Top Line: Will change cure Capitals?; Sidney Crosby's failure; more links
An annotated guide to this morning's must-read hockey stories:
• Washington's top brass met for two weeks to determine if there was any reason not to make a change at general manager and coach after missing out on the playoffs ... and they couldn't find one. But will a change be the same thing as a cure for an organization that still believes Alex Ovechkin is as good as Sidney Crosby?
• Sally Jenkins writes that the firings in Washington are a bold move by Ted Leonsis, a man seemingly more interested in being a marketing impresario than an actual leader.
• There's plenty to question about Sidney Crosby's performance in the playoffs. Leadership is not one of them.
• Dejan Kovacevic says the Penguins are finally healthy, at least in the ways that matter.
• Ironically, Patrick Roy would love to see the NHL institute a coach's challenge. Definitely would have bit him last night on that late tying goal, but it's still the right thing for the league to do.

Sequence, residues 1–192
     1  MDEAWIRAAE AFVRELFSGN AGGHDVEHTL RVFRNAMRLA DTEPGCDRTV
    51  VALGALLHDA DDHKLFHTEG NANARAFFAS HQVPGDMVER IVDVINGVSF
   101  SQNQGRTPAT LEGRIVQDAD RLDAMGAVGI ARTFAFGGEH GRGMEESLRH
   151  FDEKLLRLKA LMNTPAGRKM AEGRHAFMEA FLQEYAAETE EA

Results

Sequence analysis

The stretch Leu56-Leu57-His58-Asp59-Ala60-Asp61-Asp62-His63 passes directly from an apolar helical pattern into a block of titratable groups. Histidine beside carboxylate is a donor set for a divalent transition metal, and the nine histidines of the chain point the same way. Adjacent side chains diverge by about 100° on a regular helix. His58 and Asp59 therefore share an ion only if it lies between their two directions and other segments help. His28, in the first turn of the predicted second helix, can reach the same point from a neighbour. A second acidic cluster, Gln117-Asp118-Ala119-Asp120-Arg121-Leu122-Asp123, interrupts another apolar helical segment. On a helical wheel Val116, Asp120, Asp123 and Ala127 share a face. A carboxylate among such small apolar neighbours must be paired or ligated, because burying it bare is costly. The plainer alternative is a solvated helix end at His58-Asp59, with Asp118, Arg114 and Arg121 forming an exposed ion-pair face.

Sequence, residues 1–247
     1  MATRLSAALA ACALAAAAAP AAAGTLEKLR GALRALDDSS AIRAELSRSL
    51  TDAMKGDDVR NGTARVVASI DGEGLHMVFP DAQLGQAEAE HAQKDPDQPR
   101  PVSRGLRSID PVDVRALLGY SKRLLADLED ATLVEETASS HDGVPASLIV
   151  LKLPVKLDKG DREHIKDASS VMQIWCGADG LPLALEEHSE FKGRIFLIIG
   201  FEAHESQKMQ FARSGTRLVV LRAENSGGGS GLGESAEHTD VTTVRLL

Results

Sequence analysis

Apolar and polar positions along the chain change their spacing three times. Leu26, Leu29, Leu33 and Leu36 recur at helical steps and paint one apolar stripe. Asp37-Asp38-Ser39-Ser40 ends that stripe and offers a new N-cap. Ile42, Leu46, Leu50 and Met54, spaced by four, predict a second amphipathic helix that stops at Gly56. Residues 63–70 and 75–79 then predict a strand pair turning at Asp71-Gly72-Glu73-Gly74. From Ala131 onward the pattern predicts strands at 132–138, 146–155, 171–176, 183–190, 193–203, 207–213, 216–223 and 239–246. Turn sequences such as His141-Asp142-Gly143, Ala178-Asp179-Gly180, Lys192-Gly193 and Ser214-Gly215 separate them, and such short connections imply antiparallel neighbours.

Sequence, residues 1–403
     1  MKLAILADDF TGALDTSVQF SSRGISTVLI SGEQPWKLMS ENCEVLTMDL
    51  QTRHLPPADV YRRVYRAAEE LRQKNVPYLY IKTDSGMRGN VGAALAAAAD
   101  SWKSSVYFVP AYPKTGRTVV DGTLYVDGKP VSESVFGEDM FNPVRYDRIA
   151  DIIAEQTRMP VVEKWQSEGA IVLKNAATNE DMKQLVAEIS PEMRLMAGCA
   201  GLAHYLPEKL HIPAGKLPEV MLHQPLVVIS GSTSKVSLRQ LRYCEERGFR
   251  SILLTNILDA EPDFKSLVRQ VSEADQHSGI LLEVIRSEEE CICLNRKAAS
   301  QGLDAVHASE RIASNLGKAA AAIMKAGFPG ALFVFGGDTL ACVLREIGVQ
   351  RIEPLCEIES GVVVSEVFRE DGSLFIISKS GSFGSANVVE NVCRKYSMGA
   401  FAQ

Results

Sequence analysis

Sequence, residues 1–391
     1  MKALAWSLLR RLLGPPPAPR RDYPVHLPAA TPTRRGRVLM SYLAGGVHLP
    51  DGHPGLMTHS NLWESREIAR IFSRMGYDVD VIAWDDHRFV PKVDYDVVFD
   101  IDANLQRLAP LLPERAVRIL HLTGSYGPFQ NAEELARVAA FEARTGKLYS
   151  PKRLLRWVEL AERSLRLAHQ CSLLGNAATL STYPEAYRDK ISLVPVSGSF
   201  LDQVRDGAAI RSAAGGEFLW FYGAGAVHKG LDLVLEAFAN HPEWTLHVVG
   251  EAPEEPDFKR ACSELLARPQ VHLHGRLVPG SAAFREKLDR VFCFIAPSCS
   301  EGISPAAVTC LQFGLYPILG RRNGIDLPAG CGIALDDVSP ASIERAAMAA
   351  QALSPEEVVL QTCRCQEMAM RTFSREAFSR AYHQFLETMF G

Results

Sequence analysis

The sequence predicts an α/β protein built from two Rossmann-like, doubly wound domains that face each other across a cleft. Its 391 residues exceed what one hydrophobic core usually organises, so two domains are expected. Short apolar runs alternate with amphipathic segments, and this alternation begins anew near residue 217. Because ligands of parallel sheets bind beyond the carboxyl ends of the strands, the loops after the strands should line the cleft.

• Don Cherry offered up a classic rant on Matt Cooke and a bit on Boone Jenner loving his stick on last night's "Coach's Corner."
• Joe Strauss says it's time for Ryan Miller to shine ... or else. The pressure is on the Blues' tendy to come up big over the next two games. Not just for the sake of winning, but for his financial future. If he flames out in the first round, it'll slash millions off the offers he receives as a UFA this summer.
• Daniel Alfredsson left the Ottawa Senators after 17 years for a chance at a Cup ring with Detroit. Guess he should have signed with Boston when he had the chance.
• Mike Babcock isn't surprised his team was knocked off by the Bruins. He's simply disappointed they were such an easy out.
• For the first time in four years, Boston avoided a seventh game in the opening round. Fluto Shinazawa says there was one obvious difference between this club and the two that came before it.
• The Rangers know what they did wrong in Game 4. And they're right to change it up for today's pivotal Game 5.
• Larry Brooks says that after four games of up-and-down play, New York's best players need to make Game 5 their defining moment.